## Order of Operations

When looking at an expression like `x + 10 * y`, we know that the first thing to do is `10 * y` and then add `x`, but it isn’t naturally obvious. Let’s look at why with a tree for `x + 10 * y`:

```
graph TD;
subgraph orderofop[x + 10 * y];
mul --> 10(10);
mul --> y(y);
end

```

With the tree above, we can tell that we do the multiplication first, and the addition second. But if we use the symbolic notation without the tree, the most natural thing for people who are used to left-to-right reading is to solve it like `(x + 10) * y`. The order in which we have to solve it becomes clear when using the tree:

```
graph LR;
subgraph p1["(x + 10) * y"];

mul --> y(y);
end

subgraph p2["x + (10 * y)"];

mul2 --> 10_2(10);
mul2 --> y2(y);

end

p1 -.-> p2;

```

## Properties

The properties of operations (commutation, association, distribution) are also easy to visualize with the tree:

### Commutation

```
graph LR;
subgraph ab[a + b];

end

subgraph ba[b + a];

end

ab -.-> ba;

```

### Association

```
graph LR;
subgraph a_bc["a + (b + c)"];

end

subgraph ab_c["(a + b) + c"];

end

a_bc -.-> ab_c;

```

### Distribution

```
graph LR;
subgraph 2_xy["2 * (x + y)"];

mul("×") --> 2(2);

end

subgraph 2x_2y["(2 * x) + (2 * y)"];

mul2 --> 2_2(2);
mul2 --> x2(x);
mul3 --> 2_3(2);
mul3 --> y2(y);

end

2_xy -.-> 2x_2y

```

(note: distribution hasn’t been implemented in my code yet)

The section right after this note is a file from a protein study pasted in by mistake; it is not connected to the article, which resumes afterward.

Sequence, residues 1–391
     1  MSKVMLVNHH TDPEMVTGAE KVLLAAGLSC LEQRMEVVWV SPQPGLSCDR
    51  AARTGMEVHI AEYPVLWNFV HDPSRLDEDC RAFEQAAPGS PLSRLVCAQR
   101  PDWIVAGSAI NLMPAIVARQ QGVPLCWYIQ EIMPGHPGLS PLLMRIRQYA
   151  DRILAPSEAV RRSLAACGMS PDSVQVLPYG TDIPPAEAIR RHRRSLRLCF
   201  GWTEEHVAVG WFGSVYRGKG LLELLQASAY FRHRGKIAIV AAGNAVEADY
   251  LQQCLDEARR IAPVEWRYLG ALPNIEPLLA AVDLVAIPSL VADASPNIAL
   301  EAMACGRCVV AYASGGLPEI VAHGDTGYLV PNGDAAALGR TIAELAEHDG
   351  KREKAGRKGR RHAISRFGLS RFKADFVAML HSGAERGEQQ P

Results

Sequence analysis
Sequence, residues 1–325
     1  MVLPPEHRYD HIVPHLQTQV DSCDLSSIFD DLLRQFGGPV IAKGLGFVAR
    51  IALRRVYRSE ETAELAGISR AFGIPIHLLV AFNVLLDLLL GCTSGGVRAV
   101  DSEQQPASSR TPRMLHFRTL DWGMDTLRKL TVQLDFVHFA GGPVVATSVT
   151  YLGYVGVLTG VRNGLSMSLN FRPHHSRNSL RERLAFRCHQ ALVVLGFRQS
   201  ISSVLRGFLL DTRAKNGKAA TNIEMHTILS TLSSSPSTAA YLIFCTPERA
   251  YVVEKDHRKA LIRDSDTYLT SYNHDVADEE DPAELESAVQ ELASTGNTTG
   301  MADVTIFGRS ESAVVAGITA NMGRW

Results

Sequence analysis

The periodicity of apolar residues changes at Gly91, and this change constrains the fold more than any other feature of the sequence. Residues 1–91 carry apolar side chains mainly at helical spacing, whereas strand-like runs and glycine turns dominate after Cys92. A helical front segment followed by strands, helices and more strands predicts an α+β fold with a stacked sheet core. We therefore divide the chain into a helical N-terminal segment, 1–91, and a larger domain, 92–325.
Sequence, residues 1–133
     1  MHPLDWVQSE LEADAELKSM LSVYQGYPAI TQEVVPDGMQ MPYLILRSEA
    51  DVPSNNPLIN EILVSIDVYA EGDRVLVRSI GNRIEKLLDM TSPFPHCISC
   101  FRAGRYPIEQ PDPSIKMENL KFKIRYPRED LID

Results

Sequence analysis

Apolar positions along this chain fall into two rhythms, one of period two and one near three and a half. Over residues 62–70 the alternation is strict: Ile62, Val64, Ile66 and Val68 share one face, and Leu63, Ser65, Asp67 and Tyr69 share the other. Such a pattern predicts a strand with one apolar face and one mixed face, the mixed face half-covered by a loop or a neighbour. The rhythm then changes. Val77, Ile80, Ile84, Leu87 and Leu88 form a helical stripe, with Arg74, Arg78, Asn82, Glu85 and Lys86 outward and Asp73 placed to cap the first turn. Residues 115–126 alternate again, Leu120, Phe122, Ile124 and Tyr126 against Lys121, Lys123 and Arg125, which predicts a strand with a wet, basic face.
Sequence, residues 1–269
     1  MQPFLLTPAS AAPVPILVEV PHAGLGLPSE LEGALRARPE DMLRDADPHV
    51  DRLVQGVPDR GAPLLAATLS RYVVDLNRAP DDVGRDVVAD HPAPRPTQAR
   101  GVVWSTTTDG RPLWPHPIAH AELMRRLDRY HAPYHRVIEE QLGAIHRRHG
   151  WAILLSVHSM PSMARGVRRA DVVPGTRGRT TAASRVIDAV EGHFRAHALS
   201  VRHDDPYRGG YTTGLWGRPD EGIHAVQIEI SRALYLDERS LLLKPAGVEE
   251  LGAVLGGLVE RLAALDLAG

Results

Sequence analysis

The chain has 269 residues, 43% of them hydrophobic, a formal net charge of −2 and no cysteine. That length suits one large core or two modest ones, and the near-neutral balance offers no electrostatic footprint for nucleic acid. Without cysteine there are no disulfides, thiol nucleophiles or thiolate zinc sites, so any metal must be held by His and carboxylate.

## Levels/Branches

The one downside to the tree format is that there are always different levels. For example, when adding `1 + a + 3`, it doesn’t matter which 2 numbers you add first, but with the tree you have to have an order. So, the tree will look like this:

```
graph TD;
subgraph 1a3["(1 + a) + 3"];

end

```

The ideal solution we want is `a + 4`, but in this format, it will first add `1 + a`, which isn’t possible since `a` is a variable, and then add `3` to `1 + a`. This will just result in `1 + a + 3` again.

What we want instead is something like this:

```
graph TD;
subgraph 1a3["1 + a + 3"];

end

```

Now, all of them are on the same “level”. Since addition is commutative, we can just re-arrange the expression and add `1` and `3` like so:

```
graph LR;
subgraph 1a3["1 + a + 3"];

end

subgraph a13["a + 1 + 3"];

end

subgraph a4["a + 4"];

end

1a3 -.-> a13 -.-> a4;

```

And we’ve got `a + 4`. Perfect!

So, the tree and the textual format are both good for different scenarios, but the tree is helpful when visualizing an expression, and the textual form is good for daily usage.

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Visualization

Code